Romania: Gypsies Celebrate Roma Day, Yet Fear Reigns


Roma Day Event in Apalina

April 8th marked the Twentieth International Roma Day since the Gypsies of Eastern Europe broke free of the communist’s amalgamated "national minority" status and began openly acknowledging their heritage. However, according to the US State Department 2007 Country Report on Human Rights, Romania, home to Europe’s largest Roma population, is the setting for some of the most pervasive societal violence and discrimination against Roma. "This day offers the press the chance to reverse the usual negative stereotypes," says Roma journalist Rudolf Moca during the ceremonies at the Apalina Public School in the Eastern Transylvania town of Reghin. 

The day long celebration at Apalina begins in the school courtyard with speeches, the singing of the Roma National anthem Djelem Djelem, followed by a barefoot Roma dance performance, concluding with a skit portraying a confrontation between young Romani men being settled with a dance competition: the fastest dancer possessing the more complicated moves and greatest stamina exits the showdown with his head up and a woman under his arm.

Roma day has a special significance for the 4,000 Gypsies living along the two parallel roads at Apalina that bears the reputation as a den of thieves. "Whatever goes missing in town, I can guarantee you can find it at Apalina," comments Maria, a downtown barmaid.

"When I go on my jobs, my boss reminds me not to tell them that I am from Apalina, he says to say I’m from somewhere else, or else they wont have any work for me," says Dani Racz, who like many at the Roma of Apalina works the traditional trade of laying paving stones, a skill he learned from his father who learned from his father before him.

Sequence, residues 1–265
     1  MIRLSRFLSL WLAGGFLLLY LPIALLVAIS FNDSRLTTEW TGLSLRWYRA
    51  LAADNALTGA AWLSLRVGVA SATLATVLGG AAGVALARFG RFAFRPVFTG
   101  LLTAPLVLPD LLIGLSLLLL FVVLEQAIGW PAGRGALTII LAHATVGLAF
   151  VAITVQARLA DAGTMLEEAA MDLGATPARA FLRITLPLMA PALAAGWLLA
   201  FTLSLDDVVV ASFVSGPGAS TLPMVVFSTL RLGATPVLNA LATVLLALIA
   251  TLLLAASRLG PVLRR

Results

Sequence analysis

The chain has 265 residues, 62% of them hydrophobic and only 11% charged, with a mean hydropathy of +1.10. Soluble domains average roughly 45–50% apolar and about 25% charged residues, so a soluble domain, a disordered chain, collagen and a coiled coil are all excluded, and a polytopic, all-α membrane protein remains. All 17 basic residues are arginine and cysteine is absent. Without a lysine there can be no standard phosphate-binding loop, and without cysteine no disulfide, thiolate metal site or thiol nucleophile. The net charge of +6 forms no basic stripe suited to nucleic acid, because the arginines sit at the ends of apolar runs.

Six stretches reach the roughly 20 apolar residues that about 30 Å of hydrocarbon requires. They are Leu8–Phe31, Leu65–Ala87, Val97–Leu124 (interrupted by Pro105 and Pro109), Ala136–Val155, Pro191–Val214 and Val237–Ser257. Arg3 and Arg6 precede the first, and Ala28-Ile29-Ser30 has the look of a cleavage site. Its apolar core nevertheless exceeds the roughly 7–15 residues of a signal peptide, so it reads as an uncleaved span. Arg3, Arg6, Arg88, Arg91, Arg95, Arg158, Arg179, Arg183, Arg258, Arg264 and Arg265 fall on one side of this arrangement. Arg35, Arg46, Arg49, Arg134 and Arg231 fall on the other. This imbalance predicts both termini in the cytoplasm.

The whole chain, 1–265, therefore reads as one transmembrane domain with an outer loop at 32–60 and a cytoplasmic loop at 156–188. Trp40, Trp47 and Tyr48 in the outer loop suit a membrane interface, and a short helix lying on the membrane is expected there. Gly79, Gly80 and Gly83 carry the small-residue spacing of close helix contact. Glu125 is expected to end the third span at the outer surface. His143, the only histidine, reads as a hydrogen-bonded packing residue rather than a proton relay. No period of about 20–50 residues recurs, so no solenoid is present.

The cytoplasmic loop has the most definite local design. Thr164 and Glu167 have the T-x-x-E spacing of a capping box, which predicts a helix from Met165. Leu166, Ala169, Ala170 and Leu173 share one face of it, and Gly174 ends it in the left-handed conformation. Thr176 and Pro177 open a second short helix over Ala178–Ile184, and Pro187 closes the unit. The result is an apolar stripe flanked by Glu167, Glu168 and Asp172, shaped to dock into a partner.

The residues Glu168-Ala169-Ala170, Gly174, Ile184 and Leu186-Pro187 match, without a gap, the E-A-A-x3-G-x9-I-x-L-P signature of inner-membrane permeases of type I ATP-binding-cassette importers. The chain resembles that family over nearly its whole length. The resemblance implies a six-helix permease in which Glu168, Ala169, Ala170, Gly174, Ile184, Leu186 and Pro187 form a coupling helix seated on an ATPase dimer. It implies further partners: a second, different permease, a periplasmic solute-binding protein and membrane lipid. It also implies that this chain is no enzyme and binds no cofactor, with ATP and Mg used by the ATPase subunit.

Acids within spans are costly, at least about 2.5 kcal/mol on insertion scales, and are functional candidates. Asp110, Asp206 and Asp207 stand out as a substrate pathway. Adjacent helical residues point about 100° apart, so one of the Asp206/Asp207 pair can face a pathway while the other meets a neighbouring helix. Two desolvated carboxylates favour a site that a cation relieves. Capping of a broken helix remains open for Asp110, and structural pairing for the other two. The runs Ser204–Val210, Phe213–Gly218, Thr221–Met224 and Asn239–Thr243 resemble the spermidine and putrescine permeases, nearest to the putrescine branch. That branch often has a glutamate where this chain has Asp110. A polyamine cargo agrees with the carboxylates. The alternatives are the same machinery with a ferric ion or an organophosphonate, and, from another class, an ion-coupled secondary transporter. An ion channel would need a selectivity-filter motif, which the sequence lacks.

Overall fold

In September of 2006 the simmering discontent coming from both sides of the debate exploded during a police raid into the community that left 22 people shot, some of them numerous times like Denis Biga who claims to have been fired upon while shielding his infant nephew and pregnant daughter; seventeen rubber bullets were surgically extracted from his backside including another seven that could not be removed.

"They beat the children! Women washing clothes in the street – shot! Men working on their home – shot!  [To them] all Gypsies are guilty… they do to the Gypsies like the Nazis," Mr. Biga cries out while lifting up the back of his shirt bearing the riddled scars; his daughter and wife in the background look on with sullen faces.

Though the police claim they used only rubber bullets, the Roma of Apalina say it wasn’t a rubber bullet that tore through the body of 56 year old Susana Ciocan. "I believe there was at least one real bullet used because a rubber bullet couldn’t have done such damage", says Marian Mandache of the Romani Criss Human Right Organization, which is handling the case against the police. That case has been thrown out of the Romanian courts is now being prepared for the European Court of Human Rights.

The police aggression that was first justified by the authorities as an act of self-defense, including one prominent politician who reported to the press that the police "defended themselves in order to avoid being seriously injured or even lynched" would later soften to an acknowledgment of managing "the event inadequately, which led to the taking measures which violated the current legal provisions."